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of the Gentiles be fulfilled.' And accordingly Jerusalem has never since been in the possession of the Jews, but hath constantly been in subjection to some other nation, as first to the Romans, and afterwards to the Saracens, and then to the Francs, and then to the Mamalucs, and now to the Turks.
Titus, as it was related before, commanded all the city as well as the temple to be destroyed;* only three towers were left standing for monuments to posterity of the strength of the city, and so much of the wall as encompassed the city on the west, for barracks for the soldiers who were left there in garrison. All the rest of the city was so totally demolished, that there was no likelihood of its ever being inhabited again. The soldiers who were left there, were the tenth legion, with some troops of horse and companies of foot, under the command of Terentius Rufus. When Titus came again to Jerusalem in his way from Syria to Egypt, and beheld the sad devastation of the city, and called to mind its former splendour and beauty, he could not help lamenting over it, and cursing the authors of the rebellion, who had compelled him to the cruel necessity of destroying so fine a city.§ Vespasian ordered all the lands of the Jews to be sold for his own use; and all the Jews, wheresoever they dwelt, to pay each man every year the same sum to the capitol of Rome, that they had before paid to the temple at Jerusalem. The desolation was so complete, that Eleazar said to his countrymen: "What is become of our city, which was believed to be inhabited by God? It is rooted up from the very foundations, and the only monument of it that is left, is the camp of those who destroyed it, still pitched upon its remains. Some unhappy old men sit over the ashes of the temple, and a few women reserved by the enemy for the basest of injuries."¶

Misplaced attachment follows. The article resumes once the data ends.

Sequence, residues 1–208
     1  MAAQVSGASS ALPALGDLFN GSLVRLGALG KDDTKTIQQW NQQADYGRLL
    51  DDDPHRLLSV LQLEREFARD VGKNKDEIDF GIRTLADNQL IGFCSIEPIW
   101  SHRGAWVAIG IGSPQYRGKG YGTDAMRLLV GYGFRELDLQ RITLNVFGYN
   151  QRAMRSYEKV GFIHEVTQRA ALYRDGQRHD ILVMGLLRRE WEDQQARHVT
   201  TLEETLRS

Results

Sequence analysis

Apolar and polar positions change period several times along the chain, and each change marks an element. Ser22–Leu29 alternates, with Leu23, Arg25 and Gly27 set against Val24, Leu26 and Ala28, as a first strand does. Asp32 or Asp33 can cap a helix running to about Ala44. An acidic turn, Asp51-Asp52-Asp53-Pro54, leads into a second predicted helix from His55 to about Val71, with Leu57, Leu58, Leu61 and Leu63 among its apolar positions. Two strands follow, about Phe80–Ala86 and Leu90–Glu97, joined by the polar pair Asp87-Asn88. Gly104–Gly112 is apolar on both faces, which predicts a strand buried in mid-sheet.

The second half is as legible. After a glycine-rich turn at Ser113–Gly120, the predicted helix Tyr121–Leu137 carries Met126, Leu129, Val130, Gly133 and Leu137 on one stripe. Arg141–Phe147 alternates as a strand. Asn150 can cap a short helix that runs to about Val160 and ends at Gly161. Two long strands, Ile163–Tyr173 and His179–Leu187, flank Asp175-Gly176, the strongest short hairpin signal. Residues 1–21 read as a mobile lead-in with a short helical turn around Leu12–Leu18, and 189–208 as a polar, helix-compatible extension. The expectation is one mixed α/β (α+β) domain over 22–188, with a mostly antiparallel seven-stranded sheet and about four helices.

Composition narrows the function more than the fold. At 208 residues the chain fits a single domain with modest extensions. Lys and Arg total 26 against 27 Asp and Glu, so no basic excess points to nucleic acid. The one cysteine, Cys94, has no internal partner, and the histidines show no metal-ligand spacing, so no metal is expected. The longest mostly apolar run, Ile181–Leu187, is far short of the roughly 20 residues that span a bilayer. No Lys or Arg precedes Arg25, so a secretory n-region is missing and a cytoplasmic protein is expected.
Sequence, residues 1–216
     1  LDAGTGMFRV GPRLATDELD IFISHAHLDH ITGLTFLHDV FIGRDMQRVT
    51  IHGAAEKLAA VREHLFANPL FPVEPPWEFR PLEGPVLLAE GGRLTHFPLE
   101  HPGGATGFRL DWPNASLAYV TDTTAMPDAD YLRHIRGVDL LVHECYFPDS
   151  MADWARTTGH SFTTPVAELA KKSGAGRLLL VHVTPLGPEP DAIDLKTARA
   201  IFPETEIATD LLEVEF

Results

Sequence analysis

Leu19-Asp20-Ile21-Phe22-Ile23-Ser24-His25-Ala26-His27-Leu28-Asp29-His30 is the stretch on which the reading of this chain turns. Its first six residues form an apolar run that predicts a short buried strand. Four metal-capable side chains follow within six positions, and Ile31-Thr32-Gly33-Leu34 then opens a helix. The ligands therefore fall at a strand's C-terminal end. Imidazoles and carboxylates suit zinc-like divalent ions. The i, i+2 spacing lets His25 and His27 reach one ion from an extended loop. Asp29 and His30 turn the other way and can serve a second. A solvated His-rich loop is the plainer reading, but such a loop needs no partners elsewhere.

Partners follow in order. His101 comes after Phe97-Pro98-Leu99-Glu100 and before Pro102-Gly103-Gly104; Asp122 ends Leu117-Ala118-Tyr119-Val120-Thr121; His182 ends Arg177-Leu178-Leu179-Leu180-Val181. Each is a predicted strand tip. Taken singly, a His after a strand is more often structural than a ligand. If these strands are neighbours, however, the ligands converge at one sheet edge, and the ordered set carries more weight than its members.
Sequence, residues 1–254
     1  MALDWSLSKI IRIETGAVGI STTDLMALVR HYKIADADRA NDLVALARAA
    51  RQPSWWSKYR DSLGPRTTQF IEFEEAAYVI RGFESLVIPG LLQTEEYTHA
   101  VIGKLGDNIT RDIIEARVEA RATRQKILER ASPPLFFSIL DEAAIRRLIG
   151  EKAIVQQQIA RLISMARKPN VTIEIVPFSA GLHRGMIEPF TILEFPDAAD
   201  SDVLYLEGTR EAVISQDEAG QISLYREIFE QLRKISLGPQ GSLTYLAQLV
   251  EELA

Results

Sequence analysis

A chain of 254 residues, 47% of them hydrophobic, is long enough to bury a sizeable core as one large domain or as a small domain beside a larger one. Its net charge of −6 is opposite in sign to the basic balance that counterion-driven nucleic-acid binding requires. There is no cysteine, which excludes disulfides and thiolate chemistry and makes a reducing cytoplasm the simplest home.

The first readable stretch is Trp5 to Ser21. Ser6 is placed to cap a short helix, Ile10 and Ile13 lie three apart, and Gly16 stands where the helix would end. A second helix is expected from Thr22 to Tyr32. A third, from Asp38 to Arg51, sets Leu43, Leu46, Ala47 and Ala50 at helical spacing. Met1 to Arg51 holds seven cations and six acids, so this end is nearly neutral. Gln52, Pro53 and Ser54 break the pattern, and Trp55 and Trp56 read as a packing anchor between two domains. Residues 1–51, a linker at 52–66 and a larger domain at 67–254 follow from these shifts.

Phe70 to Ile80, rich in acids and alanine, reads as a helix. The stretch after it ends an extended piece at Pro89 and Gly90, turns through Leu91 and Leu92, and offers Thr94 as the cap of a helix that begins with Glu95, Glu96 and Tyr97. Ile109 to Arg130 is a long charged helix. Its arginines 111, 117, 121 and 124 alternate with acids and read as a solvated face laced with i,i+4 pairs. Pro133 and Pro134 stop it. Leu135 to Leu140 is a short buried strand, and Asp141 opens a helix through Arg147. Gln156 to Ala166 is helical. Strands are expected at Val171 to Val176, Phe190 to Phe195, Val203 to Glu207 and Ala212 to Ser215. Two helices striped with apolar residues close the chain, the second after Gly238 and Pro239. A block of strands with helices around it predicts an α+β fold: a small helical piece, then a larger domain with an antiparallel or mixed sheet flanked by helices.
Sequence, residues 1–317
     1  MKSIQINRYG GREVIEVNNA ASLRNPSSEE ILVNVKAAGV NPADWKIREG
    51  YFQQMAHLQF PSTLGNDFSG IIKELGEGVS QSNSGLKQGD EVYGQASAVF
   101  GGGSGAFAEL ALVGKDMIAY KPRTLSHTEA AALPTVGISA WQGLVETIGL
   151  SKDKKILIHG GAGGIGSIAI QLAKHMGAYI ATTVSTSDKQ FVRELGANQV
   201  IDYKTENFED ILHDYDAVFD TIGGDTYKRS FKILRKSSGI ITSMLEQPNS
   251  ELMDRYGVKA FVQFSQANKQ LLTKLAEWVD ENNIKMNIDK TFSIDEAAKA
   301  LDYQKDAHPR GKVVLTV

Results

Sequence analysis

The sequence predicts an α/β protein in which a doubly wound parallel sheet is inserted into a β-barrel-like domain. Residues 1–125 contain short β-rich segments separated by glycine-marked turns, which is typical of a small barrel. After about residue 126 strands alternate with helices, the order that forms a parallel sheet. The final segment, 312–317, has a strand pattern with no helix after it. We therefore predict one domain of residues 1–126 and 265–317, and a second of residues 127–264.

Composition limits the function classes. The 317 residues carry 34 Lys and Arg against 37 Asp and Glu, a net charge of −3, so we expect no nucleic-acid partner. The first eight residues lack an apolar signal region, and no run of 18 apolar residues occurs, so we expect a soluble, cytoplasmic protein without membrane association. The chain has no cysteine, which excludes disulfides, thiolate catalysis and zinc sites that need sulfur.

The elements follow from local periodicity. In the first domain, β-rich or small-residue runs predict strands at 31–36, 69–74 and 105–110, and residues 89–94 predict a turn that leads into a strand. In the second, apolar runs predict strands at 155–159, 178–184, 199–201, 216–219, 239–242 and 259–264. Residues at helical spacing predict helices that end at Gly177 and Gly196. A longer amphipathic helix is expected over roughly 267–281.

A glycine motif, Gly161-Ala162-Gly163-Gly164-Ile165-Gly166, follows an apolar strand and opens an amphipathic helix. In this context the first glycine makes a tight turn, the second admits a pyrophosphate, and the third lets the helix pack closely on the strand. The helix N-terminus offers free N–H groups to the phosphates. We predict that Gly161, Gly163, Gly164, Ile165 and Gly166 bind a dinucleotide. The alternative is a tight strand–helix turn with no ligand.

The first who rebuilt Jerusalem, though not all exactly on the same spot, was the Roman emperor Ælius Adrian, and he called it after his own name Ælia, and placed in it a Roman colony, and
*Joseph. de Bell. Jud. lib. 7, cap. 1, sect. 1. edit. Hudson.
+ Ibid. sect. 2.
+ Ibid. cap. 2.
§ Ibid. cap. 5, sect. 2.
Ibid. cap. 6, sect. 6.
* Πω γεγονεν ἡμῖν ή τον Θεον έχειν όκιςην πεπιςευμενη; πρόρριζος ἐκ βάθρων ἀνηρπαςαι, και μόνον ἀυτης μνημεῖον ὑπολελειπται, το των ἀνηρηκότων αυτην ςρατοπεδον, ἔτι τοις λείψανοις ἐποικων, πρεσβυται δε δυσηνοι τη σποδω τε τεμένως παρακαθηνται, και γυναίκες ὀλίγαι προς ὑβριν ἀισχιςην ύπο των πολεμίων τετηρημεναι. Quid de ea factum est, quam Deum habitasse credidimus? Radicitus ex fundamentis evulsa est, et id solum ejus monumentum relictum, castra scilicet illorum a quibus excisa est jam reliquiis ejus imposita. Senes vero infelices templi cineribus assident, et paucæ mulieres ad turpissimam pudoris injuriam ab hostibus reservatæ. [Translated in the text.] Ibid. cap. S, sect. 7, p. 1322.